The comercial mixs also have a bacteriacide as a componet. When you start your saw, do you get a rotten egg smell? Thats hydrogen sulfide. If you can not get comercial coolant, and you get this smell, a bubbler that bubbles air into the tank will help to control the bacteria.
The acids from the bacteria will create rust. Some of the comercial coolants will strip paint,but they tend to not promote rust as long as the coolant is cared for per the makers directions.
Good luck
   ptree - Sunday, 06/26/05 13:07:24 EDT

Bacteria control: A quart of Listerine in the coolant tank does a fairly good job of keeping the smelly bacteria in check, too. Re-apply as the smell returns. I use the Minty Fresh type because the other kind smells worse than the bugs...........
   quenchcrack - Sunday, 06/26/05 15:32:30 EDT

I checked the lable on two different brands of soluble oil I have(Lubegard and Ultracut 250). Both say for a true suspension ADD OIL TO WATER (not my caps).
   - grant - Sunday, 06/26/05 15:52:48 EDT

Oop! true emulsion, not suspension.

poof then prost
   - grant - Sunday, 06/26/05 15:54:38 EDT

Stephen..for knife steel I use admiralsteel.com they have a good selectiom 5160,1084 plus tool steel.will ship UPS
   - fishear - Sunday, 06/26/05 17:20:59 EDT

Man with big knife often times finds out too late that he's gone to a gunfight with it.
   3dogs - Sunday, 06/26/05 19:19:55 EDT

I looked at the archives, iforum and all but I dont see anything about forming candle cups from bar stock. Pipe yes but barstock, no. Looks like using a punch to start a hole then using the horn to hammer it out. Suggestions?
   John W - Sunday, 06/26/05 20:30:09 EDT

John W: Yes, use pipe.
   Ken Scharabok - Sunday, 06/26/05 20:34:32 EDT

John W,

Yes, you could punch a hole and then drift it out to size, or work it over a bick iron. I don't know if the anvil horn would work, though. Even my little 100# Peter Wright doesn't have a horn slim enough to make a very good candle cup. Unless it is for a 3" diameter candle. (grin)

You can also roll flat bar into a tube, weld it, and then neck it down to close the end. The necking is done on the edge of the anvil, much like fullering a groove.

If I wanted a candle cup on the end of say, a piece of 1/2" square bar, I would probably form a short right-angle bend with the leg being about 1" long. Next, draw out the leg both ways until it is 1/8" thick, 3/4" wide and 2-3/8" long. Now scarf the end and roll it into a tube 3/4" i.d. and weld the seam if you wish. If you don't want to weld it that's fine, the scarf will allow you blend the end into the body.

When you roll the tube, do it so that it sits over the end of the parent stock. The result is a candle cup on the end of the square bar, the right sixe for a standard taper candle.
   vicopper - Sunday, 06/26/05 21:17:20 EDT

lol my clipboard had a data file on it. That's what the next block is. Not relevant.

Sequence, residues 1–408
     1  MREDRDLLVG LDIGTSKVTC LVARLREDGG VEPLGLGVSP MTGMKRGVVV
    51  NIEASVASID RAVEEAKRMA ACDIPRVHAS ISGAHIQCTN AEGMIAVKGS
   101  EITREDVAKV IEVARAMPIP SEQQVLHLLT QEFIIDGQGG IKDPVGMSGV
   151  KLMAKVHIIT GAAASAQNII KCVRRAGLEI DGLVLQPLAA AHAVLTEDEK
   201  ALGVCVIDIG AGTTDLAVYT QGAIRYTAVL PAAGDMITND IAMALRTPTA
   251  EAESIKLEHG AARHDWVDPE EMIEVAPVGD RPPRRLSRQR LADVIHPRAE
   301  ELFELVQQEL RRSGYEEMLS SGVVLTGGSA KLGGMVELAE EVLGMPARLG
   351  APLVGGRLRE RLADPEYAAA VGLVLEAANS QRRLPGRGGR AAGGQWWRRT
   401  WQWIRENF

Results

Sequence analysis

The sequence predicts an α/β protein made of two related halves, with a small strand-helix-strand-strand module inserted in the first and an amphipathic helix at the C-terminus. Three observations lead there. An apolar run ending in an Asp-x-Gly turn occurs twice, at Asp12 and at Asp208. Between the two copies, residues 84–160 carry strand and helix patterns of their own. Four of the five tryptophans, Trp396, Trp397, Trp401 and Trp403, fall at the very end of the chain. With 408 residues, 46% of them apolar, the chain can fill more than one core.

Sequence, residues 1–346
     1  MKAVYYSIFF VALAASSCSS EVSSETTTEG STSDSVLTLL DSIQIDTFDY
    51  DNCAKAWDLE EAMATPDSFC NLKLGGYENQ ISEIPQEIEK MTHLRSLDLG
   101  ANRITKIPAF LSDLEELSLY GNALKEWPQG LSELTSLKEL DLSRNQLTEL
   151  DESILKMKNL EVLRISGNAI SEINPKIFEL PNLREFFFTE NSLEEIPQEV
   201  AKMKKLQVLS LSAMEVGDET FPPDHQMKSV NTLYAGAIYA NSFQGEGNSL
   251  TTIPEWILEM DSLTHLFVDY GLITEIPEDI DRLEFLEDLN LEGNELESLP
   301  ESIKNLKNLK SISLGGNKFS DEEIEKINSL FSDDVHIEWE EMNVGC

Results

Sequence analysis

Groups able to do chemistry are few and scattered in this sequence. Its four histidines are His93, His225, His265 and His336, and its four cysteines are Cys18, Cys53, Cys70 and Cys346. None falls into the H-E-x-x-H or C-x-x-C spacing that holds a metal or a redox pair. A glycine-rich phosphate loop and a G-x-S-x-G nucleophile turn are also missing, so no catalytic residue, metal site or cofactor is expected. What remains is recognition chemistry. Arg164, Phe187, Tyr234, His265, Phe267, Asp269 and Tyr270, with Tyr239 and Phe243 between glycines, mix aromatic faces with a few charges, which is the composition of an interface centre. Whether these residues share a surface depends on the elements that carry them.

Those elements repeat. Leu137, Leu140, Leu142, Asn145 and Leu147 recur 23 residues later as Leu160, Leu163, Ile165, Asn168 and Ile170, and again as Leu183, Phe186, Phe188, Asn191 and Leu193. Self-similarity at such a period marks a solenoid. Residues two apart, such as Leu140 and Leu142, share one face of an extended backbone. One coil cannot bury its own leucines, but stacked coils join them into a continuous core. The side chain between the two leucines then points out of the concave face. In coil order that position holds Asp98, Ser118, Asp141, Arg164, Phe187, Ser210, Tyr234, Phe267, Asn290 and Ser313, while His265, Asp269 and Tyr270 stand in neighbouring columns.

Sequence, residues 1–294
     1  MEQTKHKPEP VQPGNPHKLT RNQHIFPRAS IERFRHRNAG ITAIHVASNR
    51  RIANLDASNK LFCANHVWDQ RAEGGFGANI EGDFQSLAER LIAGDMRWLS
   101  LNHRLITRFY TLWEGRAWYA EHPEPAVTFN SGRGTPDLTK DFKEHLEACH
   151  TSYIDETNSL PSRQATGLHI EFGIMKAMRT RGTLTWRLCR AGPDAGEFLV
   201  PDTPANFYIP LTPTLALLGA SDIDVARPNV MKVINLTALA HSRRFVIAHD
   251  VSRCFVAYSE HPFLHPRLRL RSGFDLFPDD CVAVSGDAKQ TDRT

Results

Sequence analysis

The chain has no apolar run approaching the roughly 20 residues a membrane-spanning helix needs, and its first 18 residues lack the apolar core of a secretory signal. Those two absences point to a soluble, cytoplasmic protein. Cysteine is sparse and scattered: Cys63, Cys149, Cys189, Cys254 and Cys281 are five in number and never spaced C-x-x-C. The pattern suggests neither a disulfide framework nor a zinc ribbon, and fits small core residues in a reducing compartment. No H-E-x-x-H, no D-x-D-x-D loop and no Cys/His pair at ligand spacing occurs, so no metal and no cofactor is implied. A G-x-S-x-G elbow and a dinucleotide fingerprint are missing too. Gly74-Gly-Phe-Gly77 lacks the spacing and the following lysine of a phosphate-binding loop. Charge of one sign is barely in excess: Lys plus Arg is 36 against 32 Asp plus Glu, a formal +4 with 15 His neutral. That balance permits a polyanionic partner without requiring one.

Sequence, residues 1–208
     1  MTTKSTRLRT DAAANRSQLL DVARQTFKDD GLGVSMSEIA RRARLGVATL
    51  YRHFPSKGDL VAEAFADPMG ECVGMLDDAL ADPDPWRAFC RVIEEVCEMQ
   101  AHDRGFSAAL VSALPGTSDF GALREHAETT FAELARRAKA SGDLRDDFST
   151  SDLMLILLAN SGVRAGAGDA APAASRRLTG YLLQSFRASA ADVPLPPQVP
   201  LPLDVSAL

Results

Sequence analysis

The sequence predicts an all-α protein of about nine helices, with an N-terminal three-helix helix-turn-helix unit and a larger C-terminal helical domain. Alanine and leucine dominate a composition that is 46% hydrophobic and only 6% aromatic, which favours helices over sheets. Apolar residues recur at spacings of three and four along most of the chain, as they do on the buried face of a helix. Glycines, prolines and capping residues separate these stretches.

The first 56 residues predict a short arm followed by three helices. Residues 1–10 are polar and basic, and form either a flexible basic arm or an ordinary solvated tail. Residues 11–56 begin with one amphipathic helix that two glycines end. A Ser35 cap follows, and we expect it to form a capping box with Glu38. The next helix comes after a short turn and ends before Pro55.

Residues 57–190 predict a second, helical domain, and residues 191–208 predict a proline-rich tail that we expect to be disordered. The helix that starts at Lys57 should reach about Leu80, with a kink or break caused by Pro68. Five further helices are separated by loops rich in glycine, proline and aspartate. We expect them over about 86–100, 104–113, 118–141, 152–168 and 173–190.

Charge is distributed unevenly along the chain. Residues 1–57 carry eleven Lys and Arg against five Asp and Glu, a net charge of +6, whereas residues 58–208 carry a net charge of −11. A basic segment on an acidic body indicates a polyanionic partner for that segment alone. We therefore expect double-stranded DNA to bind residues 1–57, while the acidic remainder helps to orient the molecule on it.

Claudio: The easy way to understand the ball bearing assembly is to take apart an old one. Lay the old bearing down on a heavy piece of metal, and with a punch break out and remove ALL the spacers that are between the balls. Then push all the balls around untill they touch each other. The balls will only go less than 1/2 of the way around the races, and the inner race can be moved away from the balls and lifted out. The manufacturer reverses this proces and puts the spacer together from each side of the bearing, seals or shields are installed last.
   Dave Boyer - Sunday, 06/26/05 21:44:46 EDT

Thank you quenchcrack. I really appreciate your help. I have started to read that artical, and I am very excited about the information. It is what I was searching for. that should keep my mind occupied.
as for the titanium, I had seen a pair of titanium tongs and after talking to the guy who made them, feel reasonably confident to make a pair. However, went I went to buy some titanium (or research prices at least) there were so many different alloys that I thought perhaps I should do more research. as for heat treating it.. that was purely curiousity, and as yet finding no material on it.

and thank you as well Frank Turley, for clarifying that point for me. iron is such an amazing substance. but that is only one question in many, and I will still be attending your school after I have saved up enough money =)
This question really stems from a work scenario, where a radiused hot cut," ( "<-- basically this shape, I was using cracked vertically up the very middle of the blade. The smith who made it said that was because I had quenched it to hot (even though it certainly never reached 750). whereas I think it more likely he didn't anneal it after he formed the curved, and/or formed the curve at too low of a heat.
I would further ask if you are able to judge the temperature of a tool fairly well by the way it interacts with your quench. my own observations lead me to believe, that if it steams, you are close to 200..if it boils of quickly, nearing 300 and if boils and hisses.. perhaps 400 and up??
   ben hanawalt - Monday, 06/27/05 00:12:38 EDT

ps. normalized, not annealed. but Im sure you guessed that =) I did want to ask you as well, Frank. you mentioned 'red hardness', in reference to my first question. but im unfamiliar with the term. are you refering to hardness at a red heat?
   ben hanawalt - Monday, 06/27/05 01:03:59 EDT

Hi, I've asked this question once before and didn't get a response/reply ... I'm trying it again.

I've got this antique forged iron flax ripple here:


The workmanship is really nice.

It has a blacksmith's mark (3 dots with 2 lines ... like a trinity or "V"). It was brought here to the U.S. from Scotland about 80 years ago ... but I don't know it's actual origin before that. Has anyone got any clues as to where it may have been made, when ... or by whom??? Thank you!!!

   JohnJones - Monday, 06/27/05 03:46:02 EDT